China's manufacturing activity expanded in April, but only marginally, official data showed Sunday, raising doubts about the pickup's sustainability. » Read More
Stewart Paterson from Tiburon Partners says China's struggling corporations are having an impact on the banking sector.
Morningstar's Lorraine Tan says old economy sectors will be weak as expected, but China's consumer sector has also been showing signs of fatigue.
China's industrial profits returned to growth in 2016's first two months, despite weaker business conditions and slowing economic growth on the mainland.
Asia markets ended lower Thursday, amid fresh declines in oil prices and concerns the U.S. Federal Reserve may hike interest rates sooner than expected.
China will not do one-off large devaluation of the renminbi or yuan, but policymakers could still weaken the currency by stealth, analysts told CNBC.
Tsinghua University's Li Daokui reckons Premier Li will emphasize that China's economy is stable and Beijing remains committed to structural changes.
China doesn't understand the unpredictability of a dynamic economy, Edmund Phelps, winner of the 2006 Nobel prize for economics, told CNBC.
China is more than able to defend its currency with its FX reserves worth $3.2 trillion, says Stephen Roach, senior fellow at Yale University.
China's central bank reached out to the US Federal Reserve to get help with its slumping stock markets last July.
Asia markets were mixed Monday, with some analysts predicting a quiet week, in the absence of major economic data from the U.S. and China.
A headache that has plagued financial markets is the possibility of further yuan devaluation. But this is actually the preferable option.
Most Asian markets advanced Thursday as investors cheered clarity from the Federal Reserve and a rise in oil prices, but Japan shares lost ground.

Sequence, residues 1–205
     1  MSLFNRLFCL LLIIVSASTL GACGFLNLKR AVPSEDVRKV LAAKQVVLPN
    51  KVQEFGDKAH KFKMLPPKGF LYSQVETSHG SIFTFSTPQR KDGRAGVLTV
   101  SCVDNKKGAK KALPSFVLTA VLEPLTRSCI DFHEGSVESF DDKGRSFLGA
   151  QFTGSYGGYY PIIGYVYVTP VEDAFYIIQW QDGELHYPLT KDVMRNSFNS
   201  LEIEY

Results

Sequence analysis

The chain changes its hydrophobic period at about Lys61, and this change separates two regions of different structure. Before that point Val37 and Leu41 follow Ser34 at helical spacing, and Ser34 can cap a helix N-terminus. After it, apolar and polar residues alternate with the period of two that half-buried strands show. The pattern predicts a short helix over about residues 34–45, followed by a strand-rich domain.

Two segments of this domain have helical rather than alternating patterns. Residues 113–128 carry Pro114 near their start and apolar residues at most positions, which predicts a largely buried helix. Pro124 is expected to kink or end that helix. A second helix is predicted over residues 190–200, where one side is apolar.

Chinese banks are creating a web of risk through their wealth management products, raising concerns about the health of the financial system.
Reports that China is to introduce a new Tobin tax on foreign currency transactions is raising questions among investors.
Most Asia markets lost ground Tuesday, tracking Wall Street's weak performance, with analysts saying traders are turning more cautious after the recent rally.
Chinese authorities are seeking to crack down on a surge of unregulated lending that is pushing up property prices, reports the Financial Times.
Asia markets traded higher across the board on Monday, extending last week's gains following the announcement of fresh stimulus measures from the ECB.
Home prices in China's tier 1 cities are rocketing, while lower-tier cities are stagnating, leaving policymakers fighting fires on two fronts.
Asia markets reversed early losses to trade mostly higher on Friday, as traders digested fresh easing from the European Central Bank (ECB) overnight.
China's central bank Friday guided the yuan higher against the dollar by the fastest pace this year, leaving some puzzled by the size of the move.